A Guide to Permitless Carry Laws in the Constitutional Carry State

Constitutional carry state - cover photo

In the evolving landscape of firearms laws in the United States, the term “constitutional carry state” has become increasingly prevalent. As a community-centered organization dedicated to promoting safe and responsible gun ownership, we at Concealed Coalition believe it’s crucial to understand what this term means, especially as it impacts your rights and responsibilities as a gun owner.

What Does Constitutional Carry Mean?

At its core, a “constitutional carry state” is one where you can carry a handgun, openly or concealed, without the need for a state-issued permit. This concept is rooted in the belief that the Second Amendment to the U.S. Constitution inherently grants citizens the right to bear arms without additional state-imposed restrictions. 

It’s a significant shift from the norms in non-constitutional carry states, where carrying a concealed weapon typically requires a permit obtained after meeting certain criteria, including background checks and training.

Constitutional carry state - CCW permit training
A constitutional carry state doesn’t require training to obtain a CCW permit, but it’s always beneficial to be educated on the rights and responsibilities of a firearm owner.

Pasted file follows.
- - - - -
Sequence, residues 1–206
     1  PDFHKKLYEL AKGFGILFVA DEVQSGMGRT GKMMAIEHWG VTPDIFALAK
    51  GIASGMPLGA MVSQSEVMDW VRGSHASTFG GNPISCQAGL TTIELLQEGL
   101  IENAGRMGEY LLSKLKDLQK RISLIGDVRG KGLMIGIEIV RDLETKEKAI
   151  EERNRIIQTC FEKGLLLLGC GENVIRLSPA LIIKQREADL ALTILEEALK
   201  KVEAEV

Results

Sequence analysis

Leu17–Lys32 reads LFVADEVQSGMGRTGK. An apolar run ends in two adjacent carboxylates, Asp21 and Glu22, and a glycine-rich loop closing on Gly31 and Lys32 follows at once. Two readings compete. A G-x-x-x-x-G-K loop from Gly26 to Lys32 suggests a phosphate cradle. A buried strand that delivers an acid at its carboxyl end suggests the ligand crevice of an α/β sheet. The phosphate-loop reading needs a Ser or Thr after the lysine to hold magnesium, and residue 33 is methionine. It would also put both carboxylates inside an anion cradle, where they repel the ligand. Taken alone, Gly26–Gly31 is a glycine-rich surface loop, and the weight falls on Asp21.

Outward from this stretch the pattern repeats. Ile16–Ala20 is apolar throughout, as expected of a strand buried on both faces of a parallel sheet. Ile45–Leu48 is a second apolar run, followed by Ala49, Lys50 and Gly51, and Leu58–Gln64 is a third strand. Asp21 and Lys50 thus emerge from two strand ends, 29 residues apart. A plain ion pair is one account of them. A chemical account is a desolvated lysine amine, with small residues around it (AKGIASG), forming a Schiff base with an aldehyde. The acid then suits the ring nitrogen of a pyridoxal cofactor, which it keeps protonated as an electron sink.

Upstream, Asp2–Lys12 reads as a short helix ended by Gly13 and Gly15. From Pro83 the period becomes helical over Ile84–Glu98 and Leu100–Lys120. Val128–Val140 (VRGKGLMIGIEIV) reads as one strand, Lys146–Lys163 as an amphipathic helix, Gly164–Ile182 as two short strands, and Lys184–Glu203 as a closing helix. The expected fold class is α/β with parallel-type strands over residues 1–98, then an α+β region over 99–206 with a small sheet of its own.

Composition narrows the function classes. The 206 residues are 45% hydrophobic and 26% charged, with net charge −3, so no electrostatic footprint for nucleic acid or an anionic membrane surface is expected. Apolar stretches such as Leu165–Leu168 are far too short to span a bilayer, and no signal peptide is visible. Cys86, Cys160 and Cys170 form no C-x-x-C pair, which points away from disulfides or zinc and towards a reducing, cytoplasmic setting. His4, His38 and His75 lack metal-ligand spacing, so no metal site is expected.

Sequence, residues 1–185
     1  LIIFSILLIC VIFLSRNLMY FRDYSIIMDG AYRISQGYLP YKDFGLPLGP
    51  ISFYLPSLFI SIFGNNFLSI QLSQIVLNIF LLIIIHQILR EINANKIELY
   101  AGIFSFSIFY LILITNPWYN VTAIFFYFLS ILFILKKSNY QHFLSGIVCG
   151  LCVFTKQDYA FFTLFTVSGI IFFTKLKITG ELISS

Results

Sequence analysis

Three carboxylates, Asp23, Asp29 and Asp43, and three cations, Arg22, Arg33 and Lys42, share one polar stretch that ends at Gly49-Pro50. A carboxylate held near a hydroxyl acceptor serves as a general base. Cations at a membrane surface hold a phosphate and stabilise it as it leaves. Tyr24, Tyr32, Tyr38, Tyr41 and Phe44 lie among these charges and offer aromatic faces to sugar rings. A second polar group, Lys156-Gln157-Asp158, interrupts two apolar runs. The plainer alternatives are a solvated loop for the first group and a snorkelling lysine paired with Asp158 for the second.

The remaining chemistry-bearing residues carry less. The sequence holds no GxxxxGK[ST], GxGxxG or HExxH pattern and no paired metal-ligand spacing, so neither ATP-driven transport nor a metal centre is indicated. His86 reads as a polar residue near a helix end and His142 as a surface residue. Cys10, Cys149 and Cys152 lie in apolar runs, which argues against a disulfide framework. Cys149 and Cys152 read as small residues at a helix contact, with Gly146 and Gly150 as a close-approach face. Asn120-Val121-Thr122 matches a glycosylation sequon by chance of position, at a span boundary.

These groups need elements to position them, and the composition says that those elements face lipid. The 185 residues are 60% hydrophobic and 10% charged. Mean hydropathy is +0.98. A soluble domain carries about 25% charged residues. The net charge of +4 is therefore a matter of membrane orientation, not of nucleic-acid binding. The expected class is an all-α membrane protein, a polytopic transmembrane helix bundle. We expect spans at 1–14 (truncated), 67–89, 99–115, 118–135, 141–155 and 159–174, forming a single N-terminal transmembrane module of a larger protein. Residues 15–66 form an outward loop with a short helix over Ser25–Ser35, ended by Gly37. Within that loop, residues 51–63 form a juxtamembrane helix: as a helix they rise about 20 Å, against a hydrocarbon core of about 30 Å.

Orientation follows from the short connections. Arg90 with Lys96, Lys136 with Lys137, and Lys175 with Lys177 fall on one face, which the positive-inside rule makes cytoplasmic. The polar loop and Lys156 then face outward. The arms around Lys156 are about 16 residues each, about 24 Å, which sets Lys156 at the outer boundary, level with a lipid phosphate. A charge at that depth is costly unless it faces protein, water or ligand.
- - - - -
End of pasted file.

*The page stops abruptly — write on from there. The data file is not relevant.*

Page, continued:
Other Names for Constitutional Carry

“Constitutional carry” is often interchangeably referred to as “permitless carry.” While both terms describe the same legal framework, “permitless carry” explicitly highlights the absence of the permit requirement in these states. Regardless of the terminology used, the essence of a “constitutional carry state” remains centered on the principle of fewer restrictions for law-abiding citizens.

Constitutional Carry States as of January 2024

As of January 2024, the list of constitutional carry states has grown, reflecting a trend towards more permissive gun laws in certain regions. In fact, the United States officially became a constitutional carry-majority nation last spring.

Each of these states has its unique nuances concerning constitutional carry, and we encourage you to familiarize yourself with the specific laws in your state. It’s important to remember that while the state law might not require a permit, other regulations regarding the use and carrying of firearms still apply.

In 2021, there were just 16 states that had constitutional carry laws on the books. Now there are 27. 

Three new constitutional carry states: Georgia, Florida, Nebraska
Georgia, Florida, and Nebraska are the three newest states to join the constitutional carry train in 2023.

Georgia rang in the new year in 2023 by enacting constitutional carry on January 1. But it was Florida that had the honor of officially tipping the scales when the state’s Senate approved a constitutional carry bill in March and Gov. Ron DeSantis signed it in April. The law took effect in July.

Florida was soon followed by Nebraska, whose law took effect in September 2023.